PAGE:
For example, if you borrow $20,000 at 5% APR, you will pay back $26,356 ($1,000 in interest payments per year for 5 years) plus any additional fees.
You can check out a free Auto Loan Calculator to see how your numbers work.
Be aware that APR differs between lenders and can be based on factors such as credit score, loan amount, and term duration.
So, always compare APRs from various lenders before finalizing your decision. A 0.5% point can be a difference of thousands of dollars over the life of the loan.
For example, my cousin had two loan options with varying APRs. Despite the same loan amount, he had different payment terms – which heavily influenced the APRs. Using a loan calculator – he made a wiser decision to take the short loan term with a lower interest rate. He still had larger monthly payments but will come out ahead in the long term.
Length of Loan
In addition to the APR or interest rate, the length of your loan will determine the total amount of interest you'll pay over the life of your loan.
Let's take a look at how time influences the total payment. (Remember, each additional year will add the annual interest to the balance)
- Longer terms mean lower monthly bills but more interest paid overall.
- Shorter terms result in bigger payments but less interest paid.
- The length can differ by lender, sometimes 12 months to 72 months. (avoid more than 48 months)
Is an 84-Month Auto Loan Worth It?
Knowing that longer durations will cost more in the long run, is important. Many financial experts agree that 72 or even 84 months is not ideal and will cost almost double compared to a 48-month load.
MarketWatch covered this topic and said you should avoid an 84-month auto loan.
How Your Down Payment Impacts Financing
In addition to financing terms and interest rates, you must include other factors like your down payment and potential trade-in.
These will significantly impact your financing and the total amount you will be paying for the life of the loan. A bigger downpayment can save you money in the long run, even though you will be front-loading the payments initially.
Let's cover the importance of your downpayment.
A down payment reduces the loan amount and interest rate and shows lenders you're financially stable and capable. Commonly, the higher the down payment, the lower the interest rate. Ideally, it would be best if you aimed to pay for your vehicle in full or as quickly as possible.
ASIDE NOTE: However, if you are considering leasing, you want to reduce your downpayment to as low as possible. This is because you will never see that money again. It is not a security deposit, and it's going toward your overall lease terms.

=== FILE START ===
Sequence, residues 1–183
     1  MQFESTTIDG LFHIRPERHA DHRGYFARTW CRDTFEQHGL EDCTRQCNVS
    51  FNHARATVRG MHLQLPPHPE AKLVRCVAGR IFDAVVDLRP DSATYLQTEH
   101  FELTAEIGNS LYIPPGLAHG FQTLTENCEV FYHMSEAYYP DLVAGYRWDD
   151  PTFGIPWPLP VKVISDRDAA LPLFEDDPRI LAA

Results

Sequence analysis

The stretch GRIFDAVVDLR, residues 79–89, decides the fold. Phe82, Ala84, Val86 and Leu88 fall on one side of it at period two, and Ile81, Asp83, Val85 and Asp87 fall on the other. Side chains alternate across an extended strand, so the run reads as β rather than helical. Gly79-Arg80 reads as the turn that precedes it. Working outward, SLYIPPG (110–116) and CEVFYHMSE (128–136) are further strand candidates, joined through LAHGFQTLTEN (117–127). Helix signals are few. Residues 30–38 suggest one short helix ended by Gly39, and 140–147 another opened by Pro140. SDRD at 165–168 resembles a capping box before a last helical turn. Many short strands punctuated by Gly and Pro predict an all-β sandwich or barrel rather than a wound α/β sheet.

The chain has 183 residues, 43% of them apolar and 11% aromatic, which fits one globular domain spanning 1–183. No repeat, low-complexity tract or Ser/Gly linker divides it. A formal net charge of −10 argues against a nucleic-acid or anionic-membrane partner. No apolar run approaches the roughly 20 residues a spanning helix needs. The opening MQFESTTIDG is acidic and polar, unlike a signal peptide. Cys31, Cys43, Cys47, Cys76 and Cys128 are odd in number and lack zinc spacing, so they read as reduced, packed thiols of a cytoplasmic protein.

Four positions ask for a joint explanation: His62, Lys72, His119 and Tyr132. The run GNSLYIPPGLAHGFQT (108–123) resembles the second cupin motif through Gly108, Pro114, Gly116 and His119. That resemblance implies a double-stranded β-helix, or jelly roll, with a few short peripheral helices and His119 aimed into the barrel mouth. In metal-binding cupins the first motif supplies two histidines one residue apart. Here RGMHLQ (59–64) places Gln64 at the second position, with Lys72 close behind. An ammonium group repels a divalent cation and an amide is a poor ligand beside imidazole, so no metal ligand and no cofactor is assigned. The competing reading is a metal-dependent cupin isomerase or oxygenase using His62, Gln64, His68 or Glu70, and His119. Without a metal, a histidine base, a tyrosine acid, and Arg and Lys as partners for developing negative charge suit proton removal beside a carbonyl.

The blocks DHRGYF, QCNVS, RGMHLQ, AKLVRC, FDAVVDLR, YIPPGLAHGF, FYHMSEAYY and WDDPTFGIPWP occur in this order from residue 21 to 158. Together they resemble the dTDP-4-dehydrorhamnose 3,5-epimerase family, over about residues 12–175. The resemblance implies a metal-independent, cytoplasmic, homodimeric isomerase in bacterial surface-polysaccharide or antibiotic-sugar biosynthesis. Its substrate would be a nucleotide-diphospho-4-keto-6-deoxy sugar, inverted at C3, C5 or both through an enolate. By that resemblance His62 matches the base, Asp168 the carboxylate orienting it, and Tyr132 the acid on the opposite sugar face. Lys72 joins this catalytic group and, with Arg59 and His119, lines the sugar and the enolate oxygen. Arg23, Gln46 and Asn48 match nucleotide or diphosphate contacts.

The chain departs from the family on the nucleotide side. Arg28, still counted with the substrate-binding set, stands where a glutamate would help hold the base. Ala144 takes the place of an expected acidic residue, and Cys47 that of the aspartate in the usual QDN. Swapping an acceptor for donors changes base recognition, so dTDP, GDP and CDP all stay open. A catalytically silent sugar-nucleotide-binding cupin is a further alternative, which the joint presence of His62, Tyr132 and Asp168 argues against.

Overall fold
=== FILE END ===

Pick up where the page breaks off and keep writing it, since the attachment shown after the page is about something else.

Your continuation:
It's important to note that you need more money for the down payment to avoid paying more. It's good practice to save up for your down payment.
There will always be an opportunity to buy a new vehicle. Don't have FOMO and rush into a financial obligation because you are thrilled to have a new ride! Always.
Your Credit Score and Its Impact
I have covered the interest rates currently available. However, your FICO or credit score determines which APR you qualify for.
It would help if you had a basic idea of where you might stand. Your credit score will decrease if you carry a lot of credit card debt.
Your perfect credit score is over 800, so you should try and get it as high as possible. A good credit score is around 780 and over, but financial institutions can determine where you land.
Credit Score Range
The Credit Score is a range of numbers that shows a person's creditworthiness. It affects their ability to get loans, mortgages, and credit cards. (2023 Rates)
Credit Score Range
New Car APR
Used Car APR
800 - 850
740 - 799
670 - 739
580 - 699
300 - 579
Impact of Credit Score on Loan Approval
A good rule of thumb is to Maintain good credit. This is a requirement for any loan approval. All lenders will use your credit scores to judge your money management skills and ability to repay. A high score means more chances of getting approved, while a low one can lead to rejection or increased rate terms.
You can improve your credit score in a few months by paying down your debt, reducing your debt, and paying on time without any missed payments.
Neglecting your credit score will result in rejected loan approvals or higher interest rates.